The ironic situation where one clause in the contract refers disputes to arbitration, while another clause refers to litigation.
A dispute resolution clause specifies the process, usually by way of litigation or arbitration, through which parties wish to resolve a dispute between them. A dispute resolution clause must be drafted with essential clarity and certainty; otherwise parties may have no choice but to argue about the dispute resolution clause itself.
The recent decision of the Singapore High Court in Silverlink Resorts Limited v MS First Capital Insurance Limited  SGHC 251 concerned the ironic situation where one clause in the contract refers disputes to arbitration, while another clause refers to litigation.
We are mindful that this case is a Singapore case and applied Singapore law, and therefore is not directly applicable to courts in Hong Kong. However, in reaching the decision, the Singapore High Court considered authorities from various common law jurisdictions, and the discussion in the judgment is a helpful discussion of how a common law court might approach this type of controversy. This case therefore may provide practitioners in Hong Kong with helpful guidance and insights.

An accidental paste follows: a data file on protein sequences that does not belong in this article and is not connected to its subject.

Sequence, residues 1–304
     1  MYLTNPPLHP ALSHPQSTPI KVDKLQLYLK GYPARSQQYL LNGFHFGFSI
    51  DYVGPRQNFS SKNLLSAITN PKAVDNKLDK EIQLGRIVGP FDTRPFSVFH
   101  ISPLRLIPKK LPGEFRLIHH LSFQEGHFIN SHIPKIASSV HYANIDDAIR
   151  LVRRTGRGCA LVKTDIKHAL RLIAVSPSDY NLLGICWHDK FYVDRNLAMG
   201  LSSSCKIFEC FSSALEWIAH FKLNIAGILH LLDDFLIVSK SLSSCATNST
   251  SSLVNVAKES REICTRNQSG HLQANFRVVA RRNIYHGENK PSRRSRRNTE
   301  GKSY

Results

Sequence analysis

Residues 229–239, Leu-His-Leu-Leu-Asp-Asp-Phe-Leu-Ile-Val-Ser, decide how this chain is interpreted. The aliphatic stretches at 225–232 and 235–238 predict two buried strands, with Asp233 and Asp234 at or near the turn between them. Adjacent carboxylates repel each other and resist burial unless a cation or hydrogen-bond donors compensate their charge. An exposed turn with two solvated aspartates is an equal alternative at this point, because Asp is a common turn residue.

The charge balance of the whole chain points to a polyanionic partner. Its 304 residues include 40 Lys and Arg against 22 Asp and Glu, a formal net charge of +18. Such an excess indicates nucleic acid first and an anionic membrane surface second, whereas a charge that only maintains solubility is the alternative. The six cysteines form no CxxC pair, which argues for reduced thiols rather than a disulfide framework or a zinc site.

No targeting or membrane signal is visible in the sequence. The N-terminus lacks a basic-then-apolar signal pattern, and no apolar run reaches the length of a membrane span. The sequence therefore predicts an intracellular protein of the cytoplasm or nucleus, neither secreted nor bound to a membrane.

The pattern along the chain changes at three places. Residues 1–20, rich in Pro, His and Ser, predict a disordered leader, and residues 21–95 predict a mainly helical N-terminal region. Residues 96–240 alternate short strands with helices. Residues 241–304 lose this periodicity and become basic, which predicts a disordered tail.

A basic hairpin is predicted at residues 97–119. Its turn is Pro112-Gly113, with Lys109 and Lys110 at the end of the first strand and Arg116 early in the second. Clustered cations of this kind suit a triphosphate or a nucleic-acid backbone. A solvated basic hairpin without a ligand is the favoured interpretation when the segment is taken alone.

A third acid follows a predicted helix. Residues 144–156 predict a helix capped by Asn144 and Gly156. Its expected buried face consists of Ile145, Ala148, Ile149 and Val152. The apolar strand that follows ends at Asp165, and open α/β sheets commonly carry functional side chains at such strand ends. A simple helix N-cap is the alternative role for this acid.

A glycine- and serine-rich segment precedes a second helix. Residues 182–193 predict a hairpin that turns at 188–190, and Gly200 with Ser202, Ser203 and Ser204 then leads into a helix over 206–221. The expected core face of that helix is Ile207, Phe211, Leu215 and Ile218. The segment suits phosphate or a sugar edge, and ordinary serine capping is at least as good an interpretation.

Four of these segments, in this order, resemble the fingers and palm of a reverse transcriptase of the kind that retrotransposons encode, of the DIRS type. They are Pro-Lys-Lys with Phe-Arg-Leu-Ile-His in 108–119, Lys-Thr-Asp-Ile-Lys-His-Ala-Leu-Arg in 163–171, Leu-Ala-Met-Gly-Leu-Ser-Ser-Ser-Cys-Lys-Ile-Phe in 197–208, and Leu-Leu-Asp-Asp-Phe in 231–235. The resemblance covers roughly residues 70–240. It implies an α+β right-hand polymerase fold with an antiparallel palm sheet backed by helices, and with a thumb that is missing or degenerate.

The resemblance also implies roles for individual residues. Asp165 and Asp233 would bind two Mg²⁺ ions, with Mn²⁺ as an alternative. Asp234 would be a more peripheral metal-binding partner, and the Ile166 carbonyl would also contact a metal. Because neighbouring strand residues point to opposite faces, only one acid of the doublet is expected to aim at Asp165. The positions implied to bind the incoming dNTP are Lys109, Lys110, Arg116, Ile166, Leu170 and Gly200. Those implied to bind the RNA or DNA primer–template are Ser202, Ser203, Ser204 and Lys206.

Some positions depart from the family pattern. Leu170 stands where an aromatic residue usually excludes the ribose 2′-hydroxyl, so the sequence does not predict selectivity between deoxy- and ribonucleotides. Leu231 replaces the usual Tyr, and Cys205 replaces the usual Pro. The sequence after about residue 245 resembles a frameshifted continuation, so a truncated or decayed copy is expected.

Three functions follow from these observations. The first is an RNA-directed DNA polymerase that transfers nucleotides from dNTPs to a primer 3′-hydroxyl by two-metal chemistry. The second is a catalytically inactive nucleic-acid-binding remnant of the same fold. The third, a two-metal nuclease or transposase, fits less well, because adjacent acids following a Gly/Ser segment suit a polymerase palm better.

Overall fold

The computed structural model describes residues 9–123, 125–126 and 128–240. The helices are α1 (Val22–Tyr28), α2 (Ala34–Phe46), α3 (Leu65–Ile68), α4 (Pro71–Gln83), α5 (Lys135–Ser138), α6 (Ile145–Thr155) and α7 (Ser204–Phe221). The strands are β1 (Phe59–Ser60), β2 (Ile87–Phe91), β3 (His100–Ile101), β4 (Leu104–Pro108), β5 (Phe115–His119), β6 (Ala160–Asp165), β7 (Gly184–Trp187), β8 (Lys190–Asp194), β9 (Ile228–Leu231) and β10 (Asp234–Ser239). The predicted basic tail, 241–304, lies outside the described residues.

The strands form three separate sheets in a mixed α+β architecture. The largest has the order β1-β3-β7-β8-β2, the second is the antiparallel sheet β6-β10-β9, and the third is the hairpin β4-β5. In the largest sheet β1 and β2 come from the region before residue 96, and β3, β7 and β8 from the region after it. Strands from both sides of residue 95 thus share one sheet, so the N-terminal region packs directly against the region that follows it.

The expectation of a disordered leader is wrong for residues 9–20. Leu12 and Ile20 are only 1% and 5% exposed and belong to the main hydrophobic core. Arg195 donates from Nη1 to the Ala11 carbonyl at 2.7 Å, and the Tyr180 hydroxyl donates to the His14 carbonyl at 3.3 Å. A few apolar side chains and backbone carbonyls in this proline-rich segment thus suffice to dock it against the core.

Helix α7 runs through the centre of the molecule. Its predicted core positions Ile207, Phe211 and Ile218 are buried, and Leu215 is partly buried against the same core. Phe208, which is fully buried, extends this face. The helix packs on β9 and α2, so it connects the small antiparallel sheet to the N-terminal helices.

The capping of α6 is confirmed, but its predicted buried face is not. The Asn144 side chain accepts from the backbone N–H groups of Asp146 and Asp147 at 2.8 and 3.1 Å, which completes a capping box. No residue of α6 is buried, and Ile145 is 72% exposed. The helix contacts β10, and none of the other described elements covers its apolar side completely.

Silverlink Resorts Limited (the “Plaintiff”) was the owner of Aman Group, which owned and managed luxury hotels around the world, including the Amanpuri resort in Phuket, Thailand.
The Plaintiff was one of the insured parties under an Industrial All Risks Policy (the “Policy”) issued by MS First Capital Insurance Limited (the “Defendant”). Section II of the terms and conditions of the Policy was entitled “Business Interruption” and dealt with the interruption of or interference with the businesses covered by the Policy.
Due to the COVID-19 pandemic, the Plaintiff was affected adversely by the mandatory hotel closure order issued by the Phuket Governor and the suspension of flights to Thailand ordered by the Civil Aviation Authority of Thailand.
These led to the Plaintiff making a claim under the Policy, and when the claim was rejected to issue court proceedings in the Singapore High Court. In response, the Defendant applied to stay the proceedings in favour of arbitration, pursuant to section 6 of the International Arbitration Act of Singapore. read more